Author Topic: PC116: Paper Cuts Scissors  (Read 16399 times)

kibitzer

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Re: PC116: Paper Cuts Scissors
« Reply #40 on: August 17, 2010, 10:17:28 PM »
Kibitzer, I think Scattercat was commenting on the story, not your link  ;)

(I could be wrong).

That's OK -- so could I. I admit, I often, often get things wrong. :-)

Scattercat

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Re: PC116: Paper Cuts Scissors
« Reply #41 on: August 18, 2010, 10:36:14 PM »
I was talking about the story, which was metafanfiction.  The link is borked for me, anyway.
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kibitzer

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Re: PC116: Paper Cuts Scissors
« Reply #42 on: August 19, 2010, 01:42:27 AM »
I was talking about the story, which was metafanfiction.  The link is borked for me, anyway.

Yup, my bad.

SGAcreative

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Re: PC116: Paper Cuts Scissors
« Reply #43 on: August 21, 2010, 02:09:21 AM »
Well, I finally know how everybody else felt when we went to see "Shakespeare In Love," and I was the only one understood the reference to little John Webster torturing cats.  As a former English professor, I kept thinking, "Y'know, I really should've read that... and that... and that one, too."  Or just scratching my head as another reference sailed over it.

It did bug me a little that one of the first characters to be mentioned was Indiana Jones.  I mean, I know there's a series of media tie-in books about Dr. Jones, but I certainly associate him with video, not text, so he seemed like an odd choice to single out.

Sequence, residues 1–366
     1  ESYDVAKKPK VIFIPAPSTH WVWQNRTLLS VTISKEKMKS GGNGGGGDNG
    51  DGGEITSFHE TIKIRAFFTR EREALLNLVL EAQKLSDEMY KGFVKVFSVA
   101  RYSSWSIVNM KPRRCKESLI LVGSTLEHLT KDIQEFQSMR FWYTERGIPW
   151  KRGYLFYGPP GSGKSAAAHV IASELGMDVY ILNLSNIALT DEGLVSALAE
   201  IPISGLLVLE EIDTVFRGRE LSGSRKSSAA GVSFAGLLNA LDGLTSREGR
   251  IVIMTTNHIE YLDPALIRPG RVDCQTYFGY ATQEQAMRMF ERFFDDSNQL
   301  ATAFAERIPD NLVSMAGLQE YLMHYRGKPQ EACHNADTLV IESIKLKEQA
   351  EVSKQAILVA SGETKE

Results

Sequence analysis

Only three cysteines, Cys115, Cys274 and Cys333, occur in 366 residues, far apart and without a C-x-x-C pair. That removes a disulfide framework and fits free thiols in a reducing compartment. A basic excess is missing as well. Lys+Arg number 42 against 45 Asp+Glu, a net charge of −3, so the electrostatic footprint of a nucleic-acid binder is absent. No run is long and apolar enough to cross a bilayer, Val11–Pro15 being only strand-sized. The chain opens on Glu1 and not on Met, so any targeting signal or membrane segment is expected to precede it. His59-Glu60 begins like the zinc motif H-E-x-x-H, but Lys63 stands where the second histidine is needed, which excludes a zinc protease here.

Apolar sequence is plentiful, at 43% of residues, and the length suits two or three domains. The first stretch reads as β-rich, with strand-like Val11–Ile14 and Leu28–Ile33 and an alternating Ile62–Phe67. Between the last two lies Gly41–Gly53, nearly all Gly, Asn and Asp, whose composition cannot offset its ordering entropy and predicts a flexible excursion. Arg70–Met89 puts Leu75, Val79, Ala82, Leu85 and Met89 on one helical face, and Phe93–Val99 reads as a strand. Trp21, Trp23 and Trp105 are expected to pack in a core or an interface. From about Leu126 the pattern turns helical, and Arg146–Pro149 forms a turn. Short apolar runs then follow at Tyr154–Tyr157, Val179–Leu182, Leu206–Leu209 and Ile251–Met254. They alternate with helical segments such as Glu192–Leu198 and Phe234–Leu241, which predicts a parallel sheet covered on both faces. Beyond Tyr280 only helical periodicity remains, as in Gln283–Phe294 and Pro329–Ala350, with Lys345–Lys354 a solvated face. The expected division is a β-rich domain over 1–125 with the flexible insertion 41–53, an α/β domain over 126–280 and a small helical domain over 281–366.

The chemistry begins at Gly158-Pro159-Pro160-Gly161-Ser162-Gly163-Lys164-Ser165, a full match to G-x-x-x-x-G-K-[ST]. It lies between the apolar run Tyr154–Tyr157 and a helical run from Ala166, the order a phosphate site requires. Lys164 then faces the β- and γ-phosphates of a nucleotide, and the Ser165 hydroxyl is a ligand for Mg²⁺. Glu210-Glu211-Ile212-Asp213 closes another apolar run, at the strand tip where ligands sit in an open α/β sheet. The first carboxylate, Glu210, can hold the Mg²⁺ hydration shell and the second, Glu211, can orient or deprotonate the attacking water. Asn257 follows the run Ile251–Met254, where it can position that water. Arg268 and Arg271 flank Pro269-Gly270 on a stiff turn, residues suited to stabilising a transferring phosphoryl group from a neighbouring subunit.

Nonetheless, a big, categorical yay for literary fan-fiction!  Especially when it's executed so well, and with at least a modicum of restraint.  (I know from experience, that's very, very hard.)

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Re: PC116: Paper Cuts Scissors
« Reply #44 on: August 21, 2010, 02:34:08 AM »


The Scarlet Pimpernel was probably the first "costumed adventurer", with secret identity and all that.
[/quote]

It's hard to say, remember that the first Pimpernel book was actually written in 1905, and The Pimpernel often went in disguise, but never really had a mask or anything like that. As such, he's much more in the vein of Sherlock Holmes, who obviously came first, I think the first 'masked adventurer'  would probably be Zorro 1919, (which ties into the whole significance of the Batman origin story, etc.)

[/quote]

While I'm outing myself as a recovering academic and a medieval scholar, let me suggest looking back at least another four hundred and fifty years for the origin of the masked superhero.  An entire literary tradition, most famously Le Morte d'Arthur (and book two of The Faerie Queene, for that matter) revolves around honorable, noble, aristocratic, superhuman heroes who routinely hide their identities behind masks (or to be more precise, visors), often disguise themselves as strangers or even as other heroes, and inspire lines of dialogue that can be translated as, "Who was that masked man?"